International Award For HMS Junior Optimist Octagon Club Propels More Volunteering
"I've never been in a group that did this," said Aaliyah Mickle, sixth grade student at Horizon Middle School. "It's been cool. We're the first middle school in Colorado and Wyoming to be doing this."
"These teachers and students are fabulous," said Donna Priester, member of the Academy Optimist Club in Colorado Springs. The Optimist International program sponsors Junior Optimist Octagon International (JOOI, pronounced "joy") clubs in support of growing student volunteers and bringing out the best in kids. "Our adult club wants to make a difference and these kids want to make a difference," said Priester.
Optimist International is one of the world's largest service club organizations with more than 125,000 adult and youth members in more than 4000 clubs throughout the world. JOOI embraces the positive values of optimism, respect for self and others, and independence of mind through the unlimited opportunities of community service.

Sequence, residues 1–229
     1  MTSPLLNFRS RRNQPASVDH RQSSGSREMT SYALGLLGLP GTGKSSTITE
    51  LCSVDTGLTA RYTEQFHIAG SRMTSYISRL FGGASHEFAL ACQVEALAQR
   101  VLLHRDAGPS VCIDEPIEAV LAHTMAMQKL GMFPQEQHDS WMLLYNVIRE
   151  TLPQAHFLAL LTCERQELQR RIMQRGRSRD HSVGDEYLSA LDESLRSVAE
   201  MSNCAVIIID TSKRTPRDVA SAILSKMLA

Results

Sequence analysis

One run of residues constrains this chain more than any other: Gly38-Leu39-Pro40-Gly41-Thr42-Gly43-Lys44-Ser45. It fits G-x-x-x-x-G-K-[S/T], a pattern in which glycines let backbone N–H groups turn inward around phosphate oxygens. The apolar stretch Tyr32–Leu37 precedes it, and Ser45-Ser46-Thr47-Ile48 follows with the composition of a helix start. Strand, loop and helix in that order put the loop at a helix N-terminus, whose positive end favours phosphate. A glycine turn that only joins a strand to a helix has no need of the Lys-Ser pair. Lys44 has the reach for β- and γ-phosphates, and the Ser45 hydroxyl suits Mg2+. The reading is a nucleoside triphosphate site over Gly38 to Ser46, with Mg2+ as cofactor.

"Our adult club guides sponsors and kids in how to serve community," said Priester, "This group at Horizon really gets it."
The Horizon Middle School club was recently honored with a Club Project Award from JOOI for having the best community service project internationally. "The members of the Horizon JOOI club and the Sponsor Club should be very proud," said JOOI Director Amy Keller in a recent letter.
The first place award was the club's "Fighting For Fosters" program during the 2013-2014 school year. Students raised money and gathered donations to provide Fostering Hope with 1400 items for foster kids in the area according to club co-sponsor Heather Ullrich. "We are doing more. Today we are working on a program for a visit to Summit Glen Retirement Home in March," she said.
"They are sharing their talents," said Kittrie Glen, sixth grade science teacher and co-sponsor of the JOOI club. "We are growing. Last year we had 12 students. This year we have 34 and leadership of the club is transitioning to them."
"They are thinking beyond themselves," said Priester about the students. "They are our future. To commit to do something for others time and time again is difficult in today's society. These students are committed."